Mountain News: Towns among energy prize semi-finalists 

click to enlarge SHUTTERSTOCK PHOTO - Energized  Park City, Utah, above, is one of several moutain towns up for the $5-million Georgetown University Energy Prize.
  • Shutterstock photo
  • Energized Park City, Utah, above, is one of several moutain towns up for the $5-million Georgetown University Energy Prize.

PARK CITY, Utah — The clock is now ticking in Park City. The Utah town and Summit County were recently named among the 50 semi-finalists for the $5-million Georgetown University Energy Prize.

The mountain communities of Aspen, Colo., and Jackson, Wyo., along with Bend, Ore., are also among the finalists. In Colorado, the Front Range communities of Brighton and Fort Collins also made the cut.

"This is a marathon, and we have a long road ahead of us, but we are excited to see what works and how we can tap into our community's competitive spirit," said Matt Abbott, environmental project manager for Park City. The program there is called Summit Community Power Works.

"I'm excited and feel like we are off to a great start, especially with our three school districts," added Abbott. "We are starting simple, with LEDs, and working our way up to smart controls, infrastructure, and eventually, renewables."

The contest was created by Dr. Francis Slakey, a physicist at Georgetown University and co-director of the university's Program on Science in the Public Interest. He saw the prize money as a way to stir competitive juices that will stimulate innovation but also spark community-wide cooperation among schools, governments, utilities, and other groups.

In Wyoming, Jackson Hole Energy Conservation Works has teamed up with the local electrical cooperative to start distributing 1,000 LED light bulbs to schools and homes in Jackson and Teton County.

But whether Jackson Hole wins is not entirely the point, says Phil Cameron, the director of the group. He says the connections that the program provides in sharing best practices and other resources are also of great value.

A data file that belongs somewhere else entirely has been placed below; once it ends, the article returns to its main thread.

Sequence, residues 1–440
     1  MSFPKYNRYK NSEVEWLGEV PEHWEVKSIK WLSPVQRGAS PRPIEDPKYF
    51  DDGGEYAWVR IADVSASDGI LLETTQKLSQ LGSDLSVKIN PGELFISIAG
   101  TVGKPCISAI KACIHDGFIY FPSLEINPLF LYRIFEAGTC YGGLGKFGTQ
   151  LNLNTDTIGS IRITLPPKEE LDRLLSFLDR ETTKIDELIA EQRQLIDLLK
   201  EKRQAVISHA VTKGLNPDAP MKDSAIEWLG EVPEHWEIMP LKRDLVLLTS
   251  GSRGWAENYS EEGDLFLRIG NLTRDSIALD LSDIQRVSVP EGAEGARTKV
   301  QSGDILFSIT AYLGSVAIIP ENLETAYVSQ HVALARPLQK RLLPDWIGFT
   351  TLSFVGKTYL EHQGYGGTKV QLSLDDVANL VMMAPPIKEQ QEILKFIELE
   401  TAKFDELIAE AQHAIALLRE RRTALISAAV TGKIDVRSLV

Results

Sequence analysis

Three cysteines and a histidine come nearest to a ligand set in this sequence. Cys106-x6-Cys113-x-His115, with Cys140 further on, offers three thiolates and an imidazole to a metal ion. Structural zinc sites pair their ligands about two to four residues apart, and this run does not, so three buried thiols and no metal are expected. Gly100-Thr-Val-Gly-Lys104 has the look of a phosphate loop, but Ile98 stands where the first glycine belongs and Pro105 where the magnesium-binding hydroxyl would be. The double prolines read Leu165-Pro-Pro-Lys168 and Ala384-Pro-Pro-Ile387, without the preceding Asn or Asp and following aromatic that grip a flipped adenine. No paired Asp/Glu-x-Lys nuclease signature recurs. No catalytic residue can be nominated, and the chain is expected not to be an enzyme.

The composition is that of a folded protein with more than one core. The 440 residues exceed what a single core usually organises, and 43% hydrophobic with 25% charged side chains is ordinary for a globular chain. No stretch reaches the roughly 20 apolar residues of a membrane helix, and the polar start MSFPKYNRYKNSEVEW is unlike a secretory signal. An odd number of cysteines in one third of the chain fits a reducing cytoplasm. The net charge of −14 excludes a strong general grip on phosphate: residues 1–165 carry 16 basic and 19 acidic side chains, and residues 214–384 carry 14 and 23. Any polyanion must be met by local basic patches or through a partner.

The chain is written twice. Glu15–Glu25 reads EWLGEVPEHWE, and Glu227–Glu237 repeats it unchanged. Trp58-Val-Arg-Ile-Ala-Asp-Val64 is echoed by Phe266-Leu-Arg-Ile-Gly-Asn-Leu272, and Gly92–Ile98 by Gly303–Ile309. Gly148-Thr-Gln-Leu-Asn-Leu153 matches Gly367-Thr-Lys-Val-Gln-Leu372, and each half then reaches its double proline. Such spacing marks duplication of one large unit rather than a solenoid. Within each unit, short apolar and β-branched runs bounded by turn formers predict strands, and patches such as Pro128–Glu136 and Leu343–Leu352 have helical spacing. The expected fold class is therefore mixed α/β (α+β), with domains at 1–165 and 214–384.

In Fort Collins, John Phelan placed the competition in two time frames, with two distinct layers to the aspiration. During 2015 and 2016, he said in a webcast press conference, Fort Collins and other semi-finalists would roll out their efforts to improve energy efficiency.

Fort Collins had been thinking about this intently for much of the last decade, most notably through its FortZED program, which seeks to boost renewable energy while decreasing energy demand in a district that aspires to have net-zero carbon use.

But that's only half the issue, added Phelan, the energy service manager for the city's electrical utility.

"Performing really well gets us into the finals. But once we're in the finals, the energy savings are a much smaller value, because at that point everybody will have done well," he explained.

"Then the focus becomes how did we innovate? What are the things we did and how replicable are they? How scalable is that to other communities? What kind of persistence did we see? How did we educate our communities? Those become the primary criteria for the $5 million prize."

A virtual raft trip down the Yampa

CRAIG, Colo. — You can do it with streets, so why not rivers? The Steamboat Pilot & Today reports that American Rivers, a conservation advocacy group, has sponsored a river-type viewing of the Yampa River as it descends through Dinosaur National Park.

The river originates about 185 kilometres northwest of Denver, flows through Steamboat Springs and is a rarity in the American West because it has no dams on its main stem.

In the 1950s, though, an effort was made to dam the river in Dinosaur, not far from its confluence with the Green River. Instead of a dam in Dinosaur, conservation leader David Brower and others conceded a dam at Flaming Gorge Canyon, creating Lake Powell. Brower later experienced serious heartburn about the concession.

Today, the Yampa is still wilderness. The Google Street View Trekker cameras were floated down the Yampa for 133 kilometres with its magnificent desert-varnished sandstone cliffs. It is, notes the Steamboat Pilot, a place seen by far fewer than the Grand Canyon.

But will the Yampa continue to flow as easily as it has? That's the nervous question on the minds of many residents of Steamboat Springs, Craig, and other towns along the river. The river is separated from Colorado's fast-growing Front Range urban corridor by two mountain ranges. But is that enough distance and geographic challenge?

"It's almost inevitable that the Eastern Slope will come after the Western Slope's water one more time, but if it happens on the Yampa, there's going to be a lot of outcry," says Kent Vertrees, of Steamboat Springs.

The background issue is whether Colorado can continue to meet its obligations to allow water to flow downstream to California, Nevada, and Arizona, as specified by the Colorado River compact of 1922.

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